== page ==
One item that comes up a lot in conversations is how security teams or IT teams struggle to speak the “business language” to business leaders, mainly to members of the senior leadership that make the final decisions on spending and investments.

This problem could have its roots in IT, and later security, teams historically having their management lines within the accounting department, ultimately being accountable to the Chief Financial Officer. Regardless, there was a massive potential for adversarial relationships between IT and business. Most often we have seen this attributed to poor communication skills, from “too technical” of responses to misalignment with the holistic organization.

While the majority of departments that make up organizations do not live in a binary world of ones and zeros, accounting and IT generally do. It’s on or off, controlled or not. The world that sales, marketing, customer relationship service & support, human resources and others live in is one of nuance, inference, emotion and flexibility. Therefore, I’m not confident this is simply a miscommunication problem – communication is definitely a start, and it’s where I would begin my investigation, but it’s not where it ends.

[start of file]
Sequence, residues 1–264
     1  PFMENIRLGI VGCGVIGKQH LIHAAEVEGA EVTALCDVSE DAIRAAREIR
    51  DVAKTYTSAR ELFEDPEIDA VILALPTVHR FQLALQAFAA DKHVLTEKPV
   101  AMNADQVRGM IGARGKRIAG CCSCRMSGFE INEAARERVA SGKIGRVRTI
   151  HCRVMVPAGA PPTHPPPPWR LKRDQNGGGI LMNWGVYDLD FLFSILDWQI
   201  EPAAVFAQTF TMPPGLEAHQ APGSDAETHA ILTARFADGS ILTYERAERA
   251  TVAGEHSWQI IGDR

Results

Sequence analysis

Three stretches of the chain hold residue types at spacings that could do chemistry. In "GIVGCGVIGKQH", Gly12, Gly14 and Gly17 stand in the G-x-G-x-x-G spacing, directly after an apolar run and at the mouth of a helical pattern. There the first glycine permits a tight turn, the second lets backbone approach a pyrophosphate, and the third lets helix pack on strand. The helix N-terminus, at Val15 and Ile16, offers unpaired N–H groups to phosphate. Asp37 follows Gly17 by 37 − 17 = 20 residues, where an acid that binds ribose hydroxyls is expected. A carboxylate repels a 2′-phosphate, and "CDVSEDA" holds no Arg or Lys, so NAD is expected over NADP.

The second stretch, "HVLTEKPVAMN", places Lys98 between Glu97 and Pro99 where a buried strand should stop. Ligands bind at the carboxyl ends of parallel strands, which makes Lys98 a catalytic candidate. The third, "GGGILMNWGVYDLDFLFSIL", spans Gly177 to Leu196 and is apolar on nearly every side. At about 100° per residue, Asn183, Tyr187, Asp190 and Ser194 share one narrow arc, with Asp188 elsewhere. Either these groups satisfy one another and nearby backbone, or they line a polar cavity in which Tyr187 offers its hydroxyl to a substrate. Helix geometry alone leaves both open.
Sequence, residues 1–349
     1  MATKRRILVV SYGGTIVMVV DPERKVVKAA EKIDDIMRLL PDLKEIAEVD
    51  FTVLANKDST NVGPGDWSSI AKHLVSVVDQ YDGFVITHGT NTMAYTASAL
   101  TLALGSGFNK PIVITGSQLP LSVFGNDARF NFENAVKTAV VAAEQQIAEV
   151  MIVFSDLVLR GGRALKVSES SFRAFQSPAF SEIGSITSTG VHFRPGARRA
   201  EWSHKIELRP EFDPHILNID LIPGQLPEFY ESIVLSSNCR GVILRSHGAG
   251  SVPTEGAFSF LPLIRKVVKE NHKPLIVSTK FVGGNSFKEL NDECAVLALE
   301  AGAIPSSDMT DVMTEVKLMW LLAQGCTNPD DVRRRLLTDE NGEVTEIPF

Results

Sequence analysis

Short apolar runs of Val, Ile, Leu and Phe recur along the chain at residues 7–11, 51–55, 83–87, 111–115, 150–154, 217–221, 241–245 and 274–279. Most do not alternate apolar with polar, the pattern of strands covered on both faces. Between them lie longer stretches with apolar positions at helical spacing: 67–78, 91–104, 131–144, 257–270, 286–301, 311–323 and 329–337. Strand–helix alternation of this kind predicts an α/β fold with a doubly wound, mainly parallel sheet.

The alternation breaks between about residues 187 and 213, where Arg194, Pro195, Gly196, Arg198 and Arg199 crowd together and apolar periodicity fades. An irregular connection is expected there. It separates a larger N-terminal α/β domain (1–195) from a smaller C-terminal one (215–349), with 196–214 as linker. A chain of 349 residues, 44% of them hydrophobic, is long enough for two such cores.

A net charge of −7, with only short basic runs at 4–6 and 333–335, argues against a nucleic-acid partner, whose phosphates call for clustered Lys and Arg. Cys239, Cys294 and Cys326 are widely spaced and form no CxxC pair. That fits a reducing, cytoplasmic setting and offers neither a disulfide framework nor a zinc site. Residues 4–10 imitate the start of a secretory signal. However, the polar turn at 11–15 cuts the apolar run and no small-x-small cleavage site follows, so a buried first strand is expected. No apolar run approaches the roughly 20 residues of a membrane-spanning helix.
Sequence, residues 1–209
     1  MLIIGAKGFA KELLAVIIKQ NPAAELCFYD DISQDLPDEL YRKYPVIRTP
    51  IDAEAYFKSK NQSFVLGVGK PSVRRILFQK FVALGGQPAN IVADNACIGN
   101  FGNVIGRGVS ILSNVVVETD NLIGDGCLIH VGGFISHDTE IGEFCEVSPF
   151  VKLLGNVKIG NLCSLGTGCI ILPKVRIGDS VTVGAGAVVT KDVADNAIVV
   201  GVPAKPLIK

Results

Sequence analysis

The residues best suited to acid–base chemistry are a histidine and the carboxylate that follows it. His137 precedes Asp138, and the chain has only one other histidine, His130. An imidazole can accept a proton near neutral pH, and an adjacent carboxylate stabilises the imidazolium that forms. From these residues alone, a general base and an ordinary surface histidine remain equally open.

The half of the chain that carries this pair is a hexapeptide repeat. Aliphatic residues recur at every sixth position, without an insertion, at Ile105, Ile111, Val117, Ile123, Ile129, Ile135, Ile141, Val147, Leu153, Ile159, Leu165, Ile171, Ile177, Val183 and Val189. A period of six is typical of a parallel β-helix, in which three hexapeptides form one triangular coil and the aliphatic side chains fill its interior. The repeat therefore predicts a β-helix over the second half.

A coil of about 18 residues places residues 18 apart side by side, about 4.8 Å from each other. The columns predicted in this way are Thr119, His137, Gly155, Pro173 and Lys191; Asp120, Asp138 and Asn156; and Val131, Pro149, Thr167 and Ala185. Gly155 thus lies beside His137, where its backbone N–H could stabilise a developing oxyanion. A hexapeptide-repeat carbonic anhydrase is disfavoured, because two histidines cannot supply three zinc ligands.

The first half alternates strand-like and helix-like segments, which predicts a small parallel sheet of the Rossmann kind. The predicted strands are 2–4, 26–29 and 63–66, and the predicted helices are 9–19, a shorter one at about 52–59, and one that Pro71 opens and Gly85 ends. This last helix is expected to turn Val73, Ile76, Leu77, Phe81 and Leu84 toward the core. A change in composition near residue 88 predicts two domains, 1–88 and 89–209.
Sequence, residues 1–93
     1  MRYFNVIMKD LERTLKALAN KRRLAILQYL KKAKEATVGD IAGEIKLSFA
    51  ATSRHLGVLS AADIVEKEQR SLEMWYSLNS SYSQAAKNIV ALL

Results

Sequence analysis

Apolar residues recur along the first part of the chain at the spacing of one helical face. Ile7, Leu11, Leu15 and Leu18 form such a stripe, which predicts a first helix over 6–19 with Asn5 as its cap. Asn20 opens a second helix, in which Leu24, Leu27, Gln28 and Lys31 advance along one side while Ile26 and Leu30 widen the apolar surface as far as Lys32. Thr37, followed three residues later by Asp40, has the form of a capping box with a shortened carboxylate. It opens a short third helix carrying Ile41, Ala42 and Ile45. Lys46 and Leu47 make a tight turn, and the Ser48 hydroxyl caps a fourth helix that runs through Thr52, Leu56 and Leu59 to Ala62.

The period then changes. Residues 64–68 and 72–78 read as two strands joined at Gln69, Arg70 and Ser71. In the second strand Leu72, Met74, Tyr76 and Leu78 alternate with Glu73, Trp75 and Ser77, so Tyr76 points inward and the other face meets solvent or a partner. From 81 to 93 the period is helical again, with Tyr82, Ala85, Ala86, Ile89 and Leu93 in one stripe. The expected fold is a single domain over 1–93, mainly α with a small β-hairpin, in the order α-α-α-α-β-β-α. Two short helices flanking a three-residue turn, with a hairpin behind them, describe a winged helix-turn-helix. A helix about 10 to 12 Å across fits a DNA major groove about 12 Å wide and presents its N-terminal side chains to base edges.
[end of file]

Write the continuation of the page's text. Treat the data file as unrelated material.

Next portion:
Take monthly vulnerability management, for instance. Is taking key systems down for patching generally a minimal impact event? Probably, unless that activity is executed over the last weekend of each month and quarter when busy salespeople may be working weekends or evenings to input customer orders or close key deals to drive revenue. This is just one of a number of situations that cause tension.

Take the situation when organizational execution runs into an IT or security team’s “we always patch on the last weekend of every month” routine. Sales may be upset with IT and/or security. Whereas IT and/or security is of the belief they are doing (Read more...)